Who Has The Biggest Marketing Budgets?

Marketing budgets are rebounding. They are expected to increase 6.7% in the next twelve
months according to the February 2014 edition of The CMO Survey. This is a sizable increase
over projected increases of 4.3% in August 2013 and a massive boost over the 0.5% increase
reported in February 2009. Bounce!
To put these figures in perspective, The CMO Survey reports that
marketing budgets represent approximately 10.9% of overall firm budgets.
These figures have hovered around this average since this question was first
asked in February 2011. On the other hand, marketing budgets as a percent
of firm revenues improved to 9.3% from 7.9% in 2013 indicating that
marketing budget growth outpaced revenue growth. One question that
survey users often ask about these figures is whether or not they include
salaries for marketing employees. Analysis indicates that these marketing
spend estimates include both employee and non-employee investments in
marketing.
I examined all three marketing spending metrics across several firm and
industry characteristics. These are summarized in Tables 1-3. As shown in
Table 1 across these three indicators, B2C-Product companies have the
largest marketing budgets (as a percent of budgets and revenues) and the
largest expected growth in marketing budgets across the four economic
sectors. I expected a large increase over the B2B companies which may be
reaching customers with their own or their channel’s salesforce. However, I
did not expect to find B2C-Product companies also dominating B2C-
Service companies by 20-30% differences. Would love to hear from
marketing leaders in this sector about this differential.

As shown in Table 2, the smallest companies (less than $25 million) are expected to experience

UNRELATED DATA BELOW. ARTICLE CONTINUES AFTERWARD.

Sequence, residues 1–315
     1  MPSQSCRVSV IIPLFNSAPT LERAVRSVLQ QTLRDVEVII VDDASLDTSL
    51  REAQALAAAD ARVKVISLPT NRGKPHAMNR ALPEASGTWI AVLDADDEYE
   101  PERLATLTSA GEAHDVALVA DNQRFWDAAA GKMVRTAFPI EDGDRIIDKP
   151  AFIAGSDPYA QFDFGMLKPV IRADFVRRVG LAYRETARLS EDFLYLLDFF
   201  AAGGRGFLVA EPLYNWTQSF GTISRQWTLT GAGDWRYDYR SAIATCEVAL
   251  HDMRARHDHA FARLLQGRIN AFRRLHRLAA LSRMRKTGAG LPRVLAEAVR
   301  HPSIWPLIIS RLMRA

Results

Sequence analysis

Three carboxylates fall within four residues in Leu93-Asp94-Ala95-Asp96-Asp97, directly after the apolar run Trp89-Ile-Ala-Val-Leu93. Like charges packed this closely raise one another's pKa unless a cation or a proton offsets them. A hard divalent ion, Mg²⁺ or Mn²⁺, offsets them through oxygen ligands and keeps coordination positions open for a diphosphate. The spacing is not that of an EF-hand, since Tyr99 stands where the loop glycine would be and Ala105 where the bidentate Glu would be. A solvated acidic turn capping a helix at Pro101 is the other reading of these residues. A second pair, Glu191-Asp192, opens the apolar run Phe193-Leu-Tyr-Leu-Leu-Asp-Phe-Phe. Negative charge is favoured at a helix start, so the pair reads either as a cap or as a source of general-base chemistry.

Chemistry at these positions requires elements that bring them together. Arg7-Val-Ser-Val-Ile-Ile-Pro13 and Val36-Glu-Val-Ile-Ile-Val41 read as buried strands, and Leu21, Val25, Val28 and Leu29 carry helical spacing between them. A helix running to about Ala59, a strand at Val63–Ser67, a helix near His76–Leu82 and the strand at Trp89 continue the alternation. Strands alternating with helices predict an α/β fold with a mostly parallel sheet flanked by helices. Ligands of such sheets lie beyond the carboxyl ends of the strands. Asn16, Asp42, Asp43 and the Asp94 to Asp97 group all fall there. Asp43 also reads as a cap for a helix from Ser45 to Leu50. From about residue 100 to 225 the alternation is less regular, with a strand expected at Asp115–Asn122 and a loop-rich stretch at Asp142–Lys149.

the biggest percentage change in marketing budgets in the next year (10.5%). These companies
also spend substantially higher percentages of their company’s overall budgets (12.7%) and total
revenues (13.9%) compared to larger companies. Perhaps this is because they are younger
companies and must grow to survive or perhaps it is because they have big aspirations to
dominate their markets. Regardless, larger companies may want to take note of these spending
levels as these up-and-comers are often the same firms that will supplant current incumbents.


Finally, as shown in Table 3, companies that generate a higher percentage of their sales from
the internet also expect to increase marketing spend by a higher percentage and spend more of
their firms’ overall budgets and a higher percentage of their firms’ revenues. Although digital
marketing is generally less expensive, these companies appear to be pouring marketing dollars
into their operations. Like the young firms in Table 2, one theory is that these companies are
spending against the massive opportunity they see in internet sales. A striking figure is that
companies with no sales on the internet spend 6.2% of revenues on marketing while companies
with >10% of their sales from the internet are spending three times this amount—a whopping
18.6% of their company revenues.